Talking about favourite Christmas stories this week, one modern classic cannot be ignored. The story of a monstrous Grinch, his dislike of the holidays, and a town that shows him what the Christmas is truly about. How the Grinch Stole Christmas is considered one of Theodore Seuss Geisel’s greatest works and has warmed the hearts of young children for generations.
The grumpy, introverted, Grinch first appeared in 1955 as part of an illustrated poem titled, ‘The Hoobub and the Grinch’ published for Redbook magazine. After the rousing success of The Cat in the Hat, Dr. Seuss was in the beginning stages of forming publication company Beginner Books. One of their first major releases was, of course, How the Grinch Stole Christmas in December 1957. The rhymed verse story gained instant critical praise, and 60 years later has become a staple for children at Christmas. Earning two successful film adaptations, the 1966 animated Christmas special and 2000’s live action film starring Jim Carrey as the notorious Grinch.
The story tells the tale of a miserable Scrooge, disgusted by the neighboring town of Whoville’s love for Christmas. In an attempt to ruin the festive holiday, the Grinch steals every Christmas themed decoration from Whoville on Christmas eve. When the townspeople continue to celebrate the Grinch understands the nature of the holiday. Thus, returning all of the stolen goods and celebrating with the inhabitants of Whoville for a wonderful feast of roast beast as their guest of honour.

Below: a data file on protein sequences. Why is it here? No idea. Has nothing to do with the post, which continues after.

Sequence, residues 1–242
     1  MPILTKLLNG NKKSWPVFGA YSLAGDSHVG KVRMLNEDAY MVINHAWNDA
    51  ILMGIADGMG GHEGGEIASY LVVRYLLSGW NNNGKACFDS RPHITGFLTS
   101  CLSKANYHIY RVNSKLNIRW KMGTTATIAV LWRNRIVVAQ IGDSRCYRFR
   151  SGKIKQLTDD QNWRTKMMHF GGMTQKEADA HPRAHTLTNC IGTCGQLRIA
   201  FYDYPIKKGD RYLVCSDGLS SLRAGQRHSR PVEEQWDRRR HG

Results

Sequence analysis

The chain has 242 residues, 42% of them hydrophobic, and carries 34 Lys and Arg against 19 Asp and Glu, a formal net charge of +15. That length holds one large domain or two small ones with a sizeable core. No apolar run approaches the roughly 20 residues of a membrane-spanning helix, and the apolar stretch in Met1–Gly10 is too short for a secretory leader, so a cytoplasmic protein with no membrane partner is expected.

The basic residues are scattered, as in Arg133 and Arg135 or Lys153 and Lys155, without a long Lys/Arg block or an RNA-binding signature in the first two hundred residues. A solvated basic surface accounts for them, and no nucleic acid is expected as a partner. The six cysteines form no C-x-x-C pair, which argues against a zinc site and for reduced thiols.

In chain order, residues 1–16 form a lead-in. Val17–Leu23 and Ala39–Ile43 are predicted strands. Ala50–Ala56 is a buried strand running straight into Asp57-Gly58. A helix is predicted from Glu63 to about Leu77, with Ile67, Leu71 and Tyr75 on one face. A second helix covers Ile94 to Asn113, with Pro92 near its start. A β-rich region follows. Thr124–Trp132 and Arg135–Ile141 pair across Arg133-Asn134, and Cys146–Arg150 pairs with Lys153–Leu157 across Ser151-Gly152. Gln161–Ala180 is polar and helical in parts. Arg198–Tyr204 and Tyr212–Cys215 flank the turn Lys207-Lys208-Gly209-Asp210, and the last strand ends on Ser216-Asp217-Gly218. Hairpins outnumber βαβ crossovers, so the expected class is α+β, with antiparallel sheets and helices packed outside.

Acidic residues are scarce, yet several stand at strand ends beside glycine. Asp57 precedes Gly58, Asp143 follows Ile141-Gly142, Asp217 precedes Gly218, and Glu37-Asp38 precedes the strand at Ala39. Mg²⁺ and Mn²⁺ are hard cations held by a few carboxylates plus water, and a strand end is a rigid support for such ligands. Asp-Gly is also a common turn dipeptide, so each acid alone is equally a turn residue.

The Grinch was not only the first adult to be cast as the main character in one of Dr. Seuss’s works, but also the first villain. The grumpy character was created from Dr. Seuss’s own feelings toward Christmas. In a Redbook magazine article about the poem he was quoted to say “I was brushing my teeth on the morning of the 26th of last December when I noticed a very Grinch-ish countenance in the mirror. It was Seuss! So I wrote about my sour friend, the Grinch, to see if I could rediscover something about Christmas that obviously I’d lost.” Further connections have been made that the Grinch was 53-years-old, the same age as Dr. Seuss while writing the story. And, Seuss’s own licence plate on his car was the word ‘GRINCH’.
The art, plot, and moral of the story are all in typical, magical, Seuss form. Highlighted by the use of Christmas colours and bringing this green monster into a cheerful world. The wonder of Dr. Seuss is something we have talked about many times on the Green Onion Blog with these articles here and here, and of course the great guest post from My Comic Relief and his insightful views on the timeless author. However, How the Grinch Stole Christmas is considered one of the top books from an author of over 40 published works. For good reason, with its humbling Christmas morals and some of his best pieces of art.
This holiday don’t forget to tuck your kids in with this classic. A winner for the whole family and a moral to warm your hearts on the cold nights. For being such a dastardly villain there is nothing to frightening or threatening about the Grinch himself. Especially since we all know he is a big softy on the inside.
Thanks booknerds, I am suddenly craving some who-roast-beast.